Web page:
“Thrown under the bus” is becoming the phrase of the American presidential election. It describes the moment when a candidate disowns an embarrassing supporter or adviser.
By Gideon Rachman
Campaign camp-followers can find themselves staring at the dreaded underside of the bus for any number of reasons. Barack Obama, the probable Democratic party candidate, committed the most famous act of bus-related violence when he finally disowned the Rev Jeremiah Wright – his spiritual mentor. John McCain, the Republican candidate, has had to rid himself of various advisers who were too close to lobbyists.
Two recent incidents illustrate that making controversial remarks about Israel is particularly risky.
Last week, Mr McCain chucked a televangelist under the bus. Mr McCain had previously courted the Rev John Hagee, in spite of the fact that he holds a number of unorthodox views. Mr Hagee believes, for example, that the European Union is headed by the Antichrist and will unleash the war that leads to the Apocalypse. This is a serious misunderstanding of the role of the EU – but not a sackable offence.
However, when it emerged that Mr Hagee also believes that Hitler and the Holocaust were part of God’s plan to drive the Jews from Europe to Israel – a necessary precondition for the Apocalypse and the second coming – Mr McCain denounced his “deeply offensive” views. The fact that Mr Hagee is fervently pro-Israel (for his own reasons) – and that several Israeli prime ministers have embraced him as a friend – was not enough to save the rabid reverend.
Since the second coming is not a campaign issue, the Hagee story does not have many policy implications. Not so with the Obama campaign’s decision to get rid of Robert Malley, an adviser on the Middle East.
Mr Malley was part of the American team at the Middle East peace negotiations during the Clinton administration. He has argued that Israel – as well as the Palestinians – bore some responsibility for the failure of the talks.
This view made him deeply suspect among some supporters of Israel. By February the attacks on him on the internet had become so vitriolic that several senior officials in the Clinton administration – including Martin Indyk and Dennis Ross – issued a joint statement deploring the “vicious personal attacks” against Mr Malley, adding that “claims that he harbours an anti-Israel agenda” are “unfair, inappropriate and wrong”.
This month, however, it was revealed that Mr Malley had met officials of Hamas, the Palestinian Islamist party that governs Gaza. Since Mr Malley works for the International Crisis Group – a think-tank – holding such meetings is part of his job description.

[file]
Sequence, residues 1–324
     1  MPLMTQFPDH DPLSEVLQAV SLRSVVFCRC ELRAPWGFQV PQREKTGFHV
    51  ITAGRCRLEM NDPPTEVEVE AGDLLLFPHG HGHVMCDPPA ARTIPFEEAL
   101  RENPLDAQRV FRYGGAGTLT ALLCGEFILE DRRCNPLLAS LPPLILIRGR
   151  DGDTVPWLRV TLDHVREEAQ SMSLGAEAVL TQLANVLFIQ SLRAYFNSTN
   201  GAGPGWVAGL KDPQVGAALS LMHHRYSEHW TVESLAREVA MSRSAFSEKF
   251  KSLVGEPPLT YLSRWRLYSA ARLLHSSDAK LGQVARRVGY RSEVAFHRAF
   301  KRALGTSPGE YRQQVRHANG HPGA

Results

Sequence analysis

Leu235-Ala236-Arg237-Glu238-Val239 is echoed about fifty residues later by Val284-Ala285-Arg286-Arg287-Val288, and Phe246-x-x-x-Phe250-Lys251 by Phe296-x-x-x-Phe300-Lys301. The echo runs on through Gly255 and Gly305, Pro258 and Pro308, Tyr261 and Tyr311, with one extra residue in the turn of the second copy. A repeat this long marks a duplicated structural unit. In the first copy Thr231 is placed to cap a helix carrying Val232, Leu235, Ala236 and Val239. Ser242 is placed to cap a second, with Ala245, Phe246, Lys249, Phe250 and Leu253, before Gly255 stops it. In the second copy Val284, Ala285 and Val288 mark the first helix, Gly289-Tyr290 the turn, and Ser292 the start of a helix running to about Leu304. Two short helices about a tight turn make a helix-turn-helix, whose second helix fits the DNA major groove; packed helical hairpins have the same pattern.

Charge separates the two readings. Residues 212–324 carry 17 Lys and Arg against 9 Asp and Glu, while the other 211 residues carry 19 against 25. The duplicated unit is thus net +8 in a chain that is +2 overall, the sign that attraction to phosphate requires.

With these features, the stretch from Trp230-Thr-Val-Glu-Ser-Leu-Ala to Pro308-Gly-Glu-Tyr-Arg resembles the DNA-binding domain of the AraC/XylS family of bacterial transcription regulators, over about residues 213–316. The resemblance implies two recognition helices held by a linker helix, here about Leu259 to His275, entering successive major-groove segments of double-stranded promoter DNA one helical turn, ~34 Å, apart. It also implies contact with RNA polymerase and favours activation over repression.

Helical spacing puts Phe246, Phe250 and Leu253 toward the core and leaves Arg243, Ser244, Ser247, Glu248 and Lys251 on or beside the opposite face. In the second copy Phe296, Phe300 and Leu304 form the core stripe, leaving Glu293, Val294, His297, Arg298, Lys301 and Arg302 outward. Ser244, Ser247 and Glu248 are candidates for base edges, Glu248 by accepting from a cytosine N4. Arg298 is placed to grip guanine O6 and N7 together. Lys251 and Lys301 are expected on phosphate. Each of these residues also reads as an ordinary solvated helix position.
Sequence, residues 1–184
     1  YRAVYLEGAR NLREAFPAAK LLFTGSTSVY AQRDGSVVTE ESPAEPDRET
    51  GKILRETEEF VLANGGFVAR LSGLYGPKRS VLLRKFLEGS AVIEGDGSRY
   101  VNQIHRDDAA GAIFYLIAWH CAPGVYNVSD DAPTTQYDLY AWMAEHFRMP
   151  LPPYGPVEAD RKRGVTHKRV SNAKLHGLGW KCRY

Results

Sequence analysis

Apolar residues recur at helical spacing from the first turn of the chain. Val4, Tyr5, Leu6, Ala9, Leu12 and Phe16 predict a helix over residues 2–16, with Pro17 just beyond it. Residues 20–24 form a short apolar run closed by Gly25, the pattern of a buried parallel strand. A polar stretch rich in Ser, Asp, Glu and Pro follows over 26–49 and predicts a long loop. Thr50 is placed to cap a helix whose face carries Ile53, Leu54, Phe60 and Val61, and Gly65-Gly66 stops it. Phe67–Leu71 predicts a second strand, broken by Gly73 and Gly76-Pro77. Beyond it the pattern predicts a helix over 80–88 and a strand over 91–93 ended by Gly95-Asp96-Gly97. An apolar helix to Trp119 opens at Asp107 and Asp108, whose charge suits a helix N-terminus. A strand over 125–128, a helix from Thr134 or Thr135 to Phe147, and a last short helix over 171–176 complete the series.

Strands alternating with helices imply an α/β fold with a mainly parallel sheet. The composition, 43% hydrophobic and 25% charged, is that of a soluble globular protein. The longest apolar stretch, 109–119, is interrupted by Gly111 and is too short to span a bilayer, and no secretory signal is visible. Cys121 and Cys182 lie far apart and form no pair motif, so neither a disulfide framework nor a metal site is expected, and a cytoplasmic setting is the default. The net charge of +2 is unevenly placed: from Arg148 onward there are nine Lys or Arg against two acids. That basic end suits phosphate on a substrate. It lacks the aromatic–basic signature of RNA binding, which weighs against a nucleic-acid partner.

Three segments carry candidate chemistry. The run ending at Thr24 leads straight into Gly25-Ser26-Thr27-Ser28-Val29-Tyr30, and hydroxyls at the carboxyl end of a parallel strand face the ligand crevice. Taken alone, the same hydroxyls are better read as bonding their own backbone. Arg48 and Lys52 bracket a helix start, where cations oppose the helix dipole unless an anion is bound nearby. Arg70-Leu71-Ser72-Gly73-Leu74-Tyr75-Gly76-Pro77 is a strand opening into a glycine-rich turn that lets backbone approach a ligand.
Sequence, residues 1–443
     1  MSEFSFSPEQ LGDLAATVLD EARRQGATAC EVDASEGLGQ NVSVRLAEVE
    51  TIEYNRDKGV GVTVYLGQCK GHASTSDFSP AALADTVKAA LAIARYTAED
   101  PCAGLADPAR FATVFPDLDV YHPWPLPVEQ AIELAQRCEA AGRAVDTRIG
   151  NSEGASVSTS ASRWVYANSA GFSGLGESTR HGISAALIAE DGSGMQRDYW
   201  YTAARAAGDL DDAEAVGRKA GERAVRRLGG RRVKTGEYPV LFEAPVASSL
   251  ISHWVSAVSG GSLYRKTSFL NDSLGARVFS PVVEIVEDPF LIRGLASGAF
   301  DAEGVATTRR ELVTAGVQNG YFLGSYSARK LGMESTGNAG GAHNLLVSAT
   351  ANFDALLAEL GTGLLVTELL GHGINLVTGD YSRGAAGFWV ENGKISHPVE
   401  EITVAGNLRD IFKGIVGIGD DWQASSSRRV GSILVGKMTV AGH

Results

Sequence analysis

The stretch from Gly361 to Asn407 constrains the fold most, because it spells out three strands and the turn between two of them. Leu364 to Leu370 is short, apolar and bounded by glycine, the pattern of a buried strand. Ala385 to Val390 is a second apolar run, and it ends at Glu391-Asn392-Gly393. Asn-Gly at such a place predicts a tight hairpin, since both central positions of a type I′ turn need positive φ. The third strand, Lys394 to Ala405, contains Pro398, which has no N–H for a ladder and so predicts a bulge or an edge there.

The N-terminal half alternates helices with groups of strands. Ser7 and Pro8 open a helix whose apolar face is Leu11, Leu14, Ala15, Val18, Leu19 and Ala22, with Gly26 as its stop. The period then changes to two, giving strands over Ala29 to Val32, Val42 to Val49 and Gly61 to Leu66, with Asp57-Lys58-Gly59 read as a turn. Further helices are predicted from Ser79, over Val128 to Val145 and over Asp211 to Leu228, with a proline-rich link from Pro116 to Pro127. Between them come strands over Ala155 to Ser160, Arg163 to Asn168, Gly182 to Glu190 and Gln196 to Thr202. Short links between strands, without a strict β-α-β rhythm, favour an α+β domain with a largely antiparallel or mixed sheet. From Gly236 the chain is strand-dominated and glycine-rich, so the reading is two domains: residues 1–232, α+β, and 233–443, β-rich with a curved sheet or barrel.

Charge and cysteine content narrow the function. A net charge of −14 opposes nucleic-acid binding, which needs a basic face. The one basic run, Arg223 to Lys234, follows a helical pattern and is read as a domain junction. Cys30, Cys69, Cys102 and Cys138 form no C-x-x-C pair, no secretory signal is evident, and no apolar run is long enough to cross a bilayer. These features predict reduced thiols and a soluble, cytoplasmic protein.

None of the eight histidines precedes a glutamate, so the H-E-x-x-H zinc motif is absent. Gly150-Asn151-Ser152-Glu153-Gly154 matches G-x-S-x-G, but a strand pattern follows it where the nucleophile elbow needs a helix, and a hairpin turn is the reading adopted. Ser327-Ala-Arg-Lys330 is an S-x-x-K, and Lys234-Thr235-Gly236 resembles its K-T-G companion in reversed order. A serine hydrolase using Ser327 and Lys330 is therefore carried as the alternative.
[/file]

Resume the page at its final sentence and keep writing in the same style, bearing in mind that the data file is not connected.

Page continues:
Such subtleties are lost, however, in a presidential election. The Obama campaign swiftly announced that Mr Malley “has no formal role in the campaign and he will not play any role in the future”. Steve Clemons, a Washington pundit, remarks: “They didn’t just throw him under the bus. They reversed it back over him.”
Mr Obama is alarmed by the accusations that he is anti-Israel. Last week he spoke at a synagogue in Florida, repeatedly emphasising his deep support for Israel. In a recent interview with the Atlantic magazine he said that: “My position on Hamas is indistinguishable from the position of Hillary Clinton and John McCain.”
That is a shame. How to deal with Hamas is one of the central questions in the Middle East. It is legitimate to argue that Hamas is a terrorist organisation that should be shunned. But since there is no presidential candidate prepared to put the opposite view, the US will not witness a proper debate on this crucial issue.
This taboo is all the more bizarre since the Israeli government itself is currently negotiating with Hamas – through indirect talks sponsored by Egypt. A slew of senior figures in the Israeli military and intelligence establishments advocates going further and talking directly to Hamas. A senior adviser to Mr McCain remarks: “It is easier to have an open discussion on Palestine in Tel Aviv than in Washington.”
Why is the American debate so constrained? The “Jewish vote” is relatively small. But Jewish voters are important in crucial swing states – such as Florida and Pennsylvania. Many Christian evangelicals – a far more numerous group than the Jews – are also fervently pro-Israel.
Finally, there is the hassle factor. Dealing with accusations of anti-Israeli sentiment is a draining and time-consuming business for a presidential campaign. It is easier just to chuck a controversial adviser under the bus – and drive on.
But American absolutism on the Middle East is reducing US influence. Last time I was in Jerusalem, Israeli officials complained to me that the US’s refusal to talk to the Syrians was foolish – since it missed an opportunity to prise apart a Syrian-Iranian axis. Now it turns out that the Israelis themselves are holding talks with Syria – but sponsored by Turkey, not the US.
Similarly, this month’s deal to restore a fragile peace in Lebanon was negotiated without the participation of the US. And it has been left to the Europeans to take the lead in nuclear negotiations with Iran.
Jon Alterman, head of the Middle East programme at the Center for Strategic and International Studies, a Washington think-tank, says: “I can’t remember a time in the last half century where the US has had so little influence in the region.”
Have the main presidential candidates noticed this? Probably not. They are too busy chucking their advisers under the bus.